Peritoneal dialysis is a type of dialysis which uses the peritoneum in a person's abdomen as the membrane through which fluid and dissolved substances are exchanged with the blood. It is used to remove excess fluid, correct electrolyte problems, and remove toxins in those with kidney failure. Peritoneal dialysis has better outcomes than haemodialysis during the first couple of years. Other benefits include greater flexibility and better tolerability in those with significant heart disease.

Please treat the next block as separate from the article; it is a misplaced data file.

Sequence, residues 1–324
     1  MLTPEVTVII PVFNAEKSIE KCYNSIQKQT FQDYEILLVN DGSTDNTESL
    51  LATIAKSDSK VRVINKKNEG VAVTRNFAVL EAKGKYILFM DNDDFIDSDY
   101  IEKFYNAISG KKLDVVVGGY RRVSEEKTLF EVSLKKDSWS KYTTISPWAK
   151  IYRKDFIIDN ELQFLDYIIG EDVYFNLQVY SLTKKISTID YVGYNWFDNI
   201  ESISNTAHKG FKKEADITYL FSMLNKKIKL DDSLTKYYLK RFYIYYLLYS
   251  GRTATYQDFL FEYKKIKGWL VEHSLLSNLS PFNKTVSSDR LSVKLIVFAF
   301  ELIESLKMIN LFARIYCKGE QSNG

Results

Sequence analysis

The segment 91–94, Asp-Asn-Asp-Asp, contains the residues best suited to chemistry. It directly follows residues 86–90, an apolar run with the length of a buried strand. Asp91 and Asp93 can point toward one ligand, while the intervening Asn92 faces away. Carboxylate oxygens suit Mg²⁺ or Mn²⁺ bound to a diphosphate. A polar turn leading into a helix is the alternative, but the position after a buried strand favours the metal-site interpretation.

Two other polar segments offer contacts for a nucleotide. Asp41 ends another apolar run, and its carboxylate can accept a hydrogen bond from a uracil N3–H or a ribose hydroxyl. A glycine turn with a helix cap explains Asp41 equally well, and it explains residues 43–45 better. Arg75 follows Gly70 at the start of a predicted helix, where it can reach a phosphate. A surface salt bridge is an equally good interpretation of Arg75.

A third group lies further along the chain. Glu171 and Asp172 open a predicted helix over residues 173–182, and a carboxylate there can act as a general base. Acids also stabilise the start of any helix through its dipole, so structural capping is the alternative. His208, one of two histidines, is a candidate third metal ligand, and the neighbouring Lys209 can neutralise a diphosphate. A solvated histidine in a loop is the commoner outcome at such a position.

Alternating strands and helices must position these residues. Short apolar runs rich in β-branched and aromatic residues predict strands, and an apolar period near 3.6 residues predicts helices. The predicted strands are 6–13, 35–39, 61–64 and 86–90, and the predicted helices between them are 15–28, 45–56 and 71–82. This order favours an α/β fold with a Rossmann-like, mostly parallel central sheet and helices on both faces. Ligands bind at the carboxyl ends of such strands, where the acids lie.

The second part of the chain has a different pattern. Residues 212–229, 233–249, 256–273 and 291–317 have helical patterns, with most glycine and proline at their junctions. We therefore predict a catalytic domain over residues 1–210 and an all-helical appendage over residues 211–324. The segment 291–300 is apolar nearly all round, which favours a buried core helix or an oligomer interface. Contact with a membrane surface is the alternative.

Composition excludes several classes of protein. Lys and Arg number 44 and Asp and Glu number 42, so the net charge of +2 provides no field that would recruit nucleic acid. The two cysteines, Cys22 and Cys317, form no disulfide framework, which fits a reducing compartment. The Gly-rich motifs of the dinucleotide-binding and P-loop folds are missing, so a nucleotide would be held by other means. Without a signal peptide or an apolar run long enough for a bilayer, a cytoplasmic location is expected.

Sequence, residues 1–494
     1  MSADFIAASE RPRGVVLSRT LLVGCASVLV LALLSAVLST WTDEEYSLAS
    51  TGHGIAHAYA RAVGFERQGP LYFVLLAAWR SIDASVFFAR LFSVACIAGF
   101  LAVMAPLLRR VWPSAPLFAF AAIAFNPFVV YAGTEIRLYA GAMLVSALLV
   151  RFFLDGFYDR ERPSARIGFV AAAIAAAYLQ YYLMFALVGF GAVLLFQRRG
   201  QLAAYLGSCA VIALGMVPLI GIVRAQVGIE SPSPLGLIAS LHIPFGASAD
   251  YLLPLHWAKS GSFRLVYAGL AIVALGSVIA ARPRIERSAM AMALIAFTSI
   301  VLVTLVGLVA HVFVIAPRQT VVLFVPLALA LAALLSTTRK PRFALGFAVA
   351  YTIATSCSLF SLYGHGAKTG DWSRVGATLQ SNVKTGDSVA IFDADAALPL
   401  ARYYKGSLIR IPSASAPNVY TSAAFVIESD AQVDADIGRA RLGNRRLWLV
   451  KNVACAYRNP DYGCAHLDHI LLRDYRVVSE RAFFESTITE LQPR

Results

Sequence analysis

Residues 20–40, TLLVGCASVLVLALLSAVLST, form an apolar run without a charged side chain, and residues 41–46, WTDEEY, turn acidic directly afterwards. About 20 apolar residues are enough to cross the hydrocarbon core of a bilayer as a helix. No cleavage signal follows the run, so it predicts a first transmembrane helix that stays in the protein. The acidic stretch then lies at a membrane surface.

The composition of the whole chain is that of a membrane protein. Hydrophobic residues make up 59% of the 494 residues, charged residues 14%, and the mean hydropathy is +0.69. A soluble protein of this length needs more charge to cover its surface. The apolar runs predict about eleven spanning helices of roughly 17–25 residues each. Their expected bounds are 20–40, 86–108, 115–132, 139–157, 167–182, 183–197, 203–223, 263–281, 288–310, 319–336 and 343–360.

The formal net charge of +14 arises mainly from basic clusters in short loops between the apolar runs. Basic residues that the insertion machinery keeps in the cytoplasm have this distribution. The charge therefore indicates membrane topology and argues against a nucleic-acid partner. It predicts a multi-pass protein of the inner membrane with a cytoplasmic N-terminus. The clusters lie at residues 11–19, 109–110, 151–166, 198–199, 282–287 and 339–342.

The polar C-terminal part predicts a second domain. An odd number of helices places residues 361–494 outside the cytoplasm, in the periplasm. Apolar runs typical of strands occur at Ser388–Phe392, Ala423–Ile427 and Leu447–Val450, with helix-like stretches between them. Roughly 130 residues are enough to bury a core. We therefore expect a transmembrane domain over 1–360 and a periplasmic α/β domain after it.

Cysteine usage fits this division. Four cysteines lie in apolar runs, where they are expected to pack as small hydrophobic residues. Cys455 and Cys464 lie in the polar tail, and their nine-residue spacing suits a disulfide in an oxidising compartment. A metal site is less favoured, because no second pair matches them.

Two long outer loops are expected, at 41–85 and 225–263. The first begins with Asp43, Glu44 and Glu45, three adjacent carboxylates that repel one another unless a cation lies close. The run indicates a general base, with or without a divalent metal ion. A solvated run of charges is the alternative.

Complications may include infections with the abdomen, hernias, high blood sugar, bleeding in the abdomen, and blockage of the catheter. Use is not possible in those with significant prior abdominal surgery or inflammatory bowel disease. It requires some degree of technical skill to be done properly. In peritoneal dialysis, a specific solution is introduced through a permanent tube in the lower abdomen and then removed. This may either occur at regular intervals throughout the day, known as continuous ambulatory dialysis, or at night with the assistance of a machine, known as automated peritoneal dialysis. The solution is typically made of sodium chloride, hydrogen carbonate, and an osmotic agent such as glucose.